Theories behind the ISIS takeover of Iraqi province

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A file picture taken from a video released on January 4, 2014 by the Islamic State of Iraq and the Levant (ISIL)'s al-Furqan Media allegedly shows ISIL fighters marching at an undisclosed location. (Photo: AFP-al-Furqan Media)

By: Elie Chalhoub

Published Wednesday, June 11, 2014

Surprising and shocking. This might be the best way to characterize the fierce attack the Islamic State in Iraq and Syria (ISIS) waged inside Iraq, leading to the fall of the entire Nineveh province and parts of Salah al-Din, with its forces almost reaching Baghdad.

This happened only days after a similarly fierce and shocking attack was halted at the doorsteps of the shrine of al-Imamain al-Askariyain in Samarra, as all concerned forces intervened to spare Iraq developments similar to those of 2006.

The fact that this is happening in a country where those in charge have, for over a decade now, failed to build a shadow of a state does not make the attack any less dreadful.

During the Samarra attack, the prevailing view was that ISIS wanted to destroy the shrine in an attempt to drag the country into a sectarian war from which it will stand to benefit the most. The size of the operation that ISIS waged became evident only after the fall of Mosul Airport. The city surrendered to the takfiris only hours later.

Questions emerged from every direction trying to understand what happened. How could ISIS achieve such a victory? Where was the army and the Iraqi security forces? What was the depth of the collusion? There are plenty of questions but perhaps the three most important ones are: Who decided to carry out this operation? What is its objective? And why now?

A lot of theories are being bandied about. The easiest one is the broken record on “mass migration” from Syria and the regional conspiracy led by “Saudi Arabia, Qatar and Turkey” to take revenge against Prime Minister Nouri al-Maliki’s electoral victory which made him the sole ruler of Iraq.

No one has information to verify or deny this theory. But informed parties believe that this alleged migration is unlikely in light of the progress on the battlefield that ISIS is achieving on the Syrian front. At the same time, they scoff at the claim that the three aforementioned countries can control this organization, even if they collaborated with it at important junctures when their interests intersected.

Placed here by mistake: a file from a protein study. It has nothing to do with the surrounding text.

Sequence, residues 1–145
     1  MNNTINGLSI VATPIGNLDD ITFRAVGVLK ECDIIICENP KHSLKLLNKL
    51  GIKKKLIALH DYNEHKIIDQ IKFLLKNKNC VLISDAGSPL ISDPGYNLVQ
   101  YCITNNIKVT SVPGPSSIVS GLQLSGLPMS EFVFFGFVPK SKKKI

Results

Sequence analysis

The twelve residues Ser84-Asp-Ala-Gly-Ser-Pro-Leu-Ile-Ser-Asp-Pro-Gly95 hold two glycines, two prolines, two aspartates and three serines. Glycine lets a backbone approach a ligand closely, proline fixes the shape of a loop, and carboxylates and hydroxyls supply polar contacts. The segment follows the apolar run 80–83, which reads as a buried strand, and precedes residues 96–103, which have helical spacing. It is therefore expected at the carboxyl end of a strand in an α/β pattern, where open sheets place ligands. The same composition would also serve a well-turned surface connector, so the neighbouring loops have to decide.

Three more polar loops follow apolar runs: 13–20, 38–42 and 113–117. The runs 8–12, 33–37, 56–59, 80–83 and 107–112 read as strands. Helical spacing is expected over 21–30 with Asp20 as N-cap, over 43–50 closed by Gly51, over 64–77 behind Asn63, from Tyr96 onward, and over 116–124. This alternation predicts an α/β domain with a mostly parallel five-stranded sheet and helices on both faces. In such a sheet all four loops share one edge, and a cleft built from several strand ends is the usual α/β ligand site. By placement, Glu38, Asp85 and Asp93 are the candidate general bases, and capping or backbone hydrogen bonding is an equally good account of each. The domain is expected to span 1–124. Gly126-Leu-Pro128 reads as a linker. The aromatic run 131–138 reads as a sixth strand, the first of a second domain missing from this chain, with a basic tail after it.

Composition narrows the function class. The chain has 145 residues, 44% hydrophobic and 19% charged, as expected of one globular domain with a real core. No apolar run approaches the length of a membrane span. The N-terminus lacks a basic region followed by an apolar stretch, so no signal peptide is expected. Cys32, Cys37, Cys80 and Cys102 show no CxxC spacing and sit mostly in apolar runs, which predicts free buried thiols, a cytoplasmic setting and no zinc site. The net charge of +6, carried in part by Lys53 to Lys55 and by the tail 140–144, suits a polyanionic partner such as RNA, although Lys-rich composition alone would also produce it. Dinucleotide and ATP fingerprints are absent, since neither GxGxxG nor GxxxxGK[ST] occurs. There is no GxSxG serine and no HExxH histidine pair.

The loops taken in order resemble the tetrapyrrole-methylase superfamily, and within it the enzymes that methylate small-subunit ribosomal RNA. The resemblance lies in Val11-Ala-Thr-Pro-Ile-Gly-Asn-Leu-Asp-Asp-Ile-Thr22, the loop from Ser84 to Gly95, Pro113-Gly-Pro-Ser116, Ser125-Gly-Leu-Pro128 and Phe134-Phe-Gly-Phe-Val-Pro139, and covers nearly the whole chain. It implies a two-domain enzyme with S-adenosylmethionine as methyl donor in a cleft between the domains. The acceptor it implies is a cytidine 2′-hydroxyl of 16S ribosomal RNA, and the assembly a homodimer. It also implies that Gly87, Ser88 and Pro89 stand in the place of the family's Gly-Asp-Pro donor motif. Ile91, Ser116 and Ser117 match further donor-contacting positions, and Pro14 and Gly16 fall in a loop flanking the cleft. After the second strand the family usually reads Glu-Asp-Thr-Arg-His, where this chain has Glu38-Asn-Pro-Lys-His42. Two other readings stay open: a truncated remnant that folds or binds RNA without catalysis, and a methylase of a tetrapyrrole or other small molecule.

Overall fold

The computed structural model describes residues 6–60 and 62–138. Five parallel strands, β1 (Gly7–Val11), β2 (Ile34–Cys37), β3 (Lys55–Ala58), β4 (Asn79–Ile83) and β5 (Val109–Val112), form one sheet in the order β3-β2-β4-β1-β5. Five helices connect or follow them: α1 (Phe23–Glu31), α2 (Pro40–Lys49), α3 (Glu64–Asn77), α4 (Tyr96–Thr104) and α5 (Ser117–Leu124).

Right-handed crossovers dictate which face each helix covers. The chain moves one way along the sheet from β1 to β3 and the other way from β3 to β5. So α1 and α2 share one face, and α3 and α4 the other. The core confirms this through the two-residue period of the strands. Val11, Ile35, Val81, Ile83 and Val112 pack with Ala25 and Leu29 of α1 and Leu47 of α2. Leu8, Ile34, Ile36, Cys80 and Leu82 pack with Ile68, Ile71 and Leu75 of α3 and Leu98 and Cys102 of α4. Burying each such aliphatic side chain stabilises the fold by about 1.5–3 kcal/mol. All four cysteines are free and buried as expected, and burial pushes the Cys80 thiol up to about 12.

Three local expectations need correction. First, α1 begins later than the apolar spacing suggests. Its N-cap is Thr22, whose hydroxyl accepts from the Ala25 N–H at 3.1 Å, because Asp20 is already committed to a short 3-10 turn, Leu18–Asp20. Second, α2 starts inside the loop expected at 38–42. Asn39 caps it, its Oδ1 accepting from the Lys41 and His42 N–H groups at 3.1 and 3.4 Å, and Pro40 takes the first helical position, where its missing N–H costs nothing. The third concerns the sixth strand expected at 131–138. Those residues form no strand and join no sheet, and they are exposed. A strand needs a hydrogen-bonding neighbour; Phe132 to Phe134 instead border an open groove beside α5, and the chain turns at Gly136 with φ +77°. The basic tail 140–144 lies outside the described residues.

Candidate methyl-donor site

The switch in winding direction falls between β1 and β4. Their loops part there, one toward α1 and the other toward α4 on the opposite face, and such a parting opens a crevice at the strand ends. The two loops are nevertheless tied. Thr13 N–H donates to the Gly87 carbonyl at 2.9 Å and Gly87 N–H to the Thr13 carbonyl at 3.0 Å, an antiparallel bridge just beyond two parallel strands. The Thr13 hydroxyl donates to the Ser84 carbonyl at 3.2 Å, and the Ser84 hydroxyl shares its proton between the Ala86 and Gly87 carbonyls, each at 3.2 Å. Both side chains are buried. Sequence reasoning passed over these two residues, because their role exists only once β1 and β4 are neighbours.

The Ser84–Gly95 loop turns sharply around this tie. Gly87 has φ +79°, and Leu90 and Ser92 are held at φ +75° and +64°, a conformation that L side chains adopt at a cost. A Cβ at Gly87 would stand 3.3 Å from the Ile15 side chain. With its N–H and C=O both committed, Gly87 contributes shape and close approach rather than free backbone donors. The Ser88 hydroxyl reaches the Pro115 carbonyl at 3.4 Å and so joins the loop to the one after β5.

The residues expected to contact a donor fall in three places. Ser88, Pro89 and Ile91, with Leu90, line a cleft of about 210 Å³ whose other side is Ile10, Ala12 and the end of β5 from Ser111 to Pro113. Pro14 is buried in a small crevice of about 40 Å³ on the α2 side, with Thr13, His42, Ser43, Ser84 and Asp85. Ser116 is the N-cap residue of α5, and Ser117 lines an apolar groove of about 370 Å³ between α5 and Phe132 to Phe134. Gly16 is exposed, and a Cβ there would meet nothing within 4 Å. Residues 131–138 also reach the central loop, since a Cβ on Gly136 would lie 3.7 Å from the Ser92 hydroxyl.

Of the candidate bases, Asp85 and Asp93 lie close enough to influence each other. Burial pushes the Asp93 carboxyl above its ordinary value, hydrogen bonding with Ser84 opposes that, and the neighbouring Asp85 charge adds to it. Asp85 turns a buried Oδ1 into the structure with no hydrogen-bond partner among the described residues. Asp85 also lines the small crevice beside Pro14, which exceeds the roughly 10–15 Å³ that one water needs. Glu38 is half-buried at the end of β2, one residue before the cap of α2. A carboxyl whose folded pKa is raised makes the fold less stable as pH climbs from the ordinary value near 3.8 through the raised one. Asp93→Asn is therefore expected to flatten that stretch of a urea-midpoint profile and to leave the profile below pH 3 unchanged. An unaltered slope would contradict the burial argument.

The most logical analysis leans in two directions that meet at some point. The first argues that ISIS, which exhibited in Syria an astute ability to detect changes and deal with them smoothly and with flexibility, sensed a US-Iranian understanding on the horizon and the signs of a regional front emerging to liquidate the takfiri Islamist movement including ISIS. The seeds of this front emerged first in Syria, and its signs were detectable in Iraq given the talk about military preparations and arms deals to regain state control over al-Anbar province. All this prompted ISIS to wage a preemptive strike to fortify its positions and prepare for the crushing battle expected to come.

The second direction alludes to an operation meant to lure ISIS into a trap similar to what the United States did with Saddam Hussein before he invaded Kuwait in order to rally regional support to eliminate him.

The international reaction to the fall of Mosul reinforces the second analysis. Affirmation of Washington’s willingness to provide “all the help needed,” including weapons, quickly emerged. And the United Nations Secretary General Ban Ki Moon expressed “deep concern.”

The problem with this analysis is that it ignores the fact that with this attack, ISIS violated one of its own rules of engagement in Iraq, namely, to not engage the Kurds militarily for its own ulterior motives. It is certainly in the Kurds’ interest to keep the provinces of Nineveh, Salah al-Din and Kirkuk - most of them are disputed areas between Baghdad and Erbil - in a state of upheaval. But the Kurdish authorities will not stand idly by as ISIS sets up its base on the borders of the Kurdish region, when they pride themselves on Kurdistan’s stability. This development puts Erbil and Baghdad in the same trench. The two sides have to put their differences aside to confront the imminent danger besetting both of them.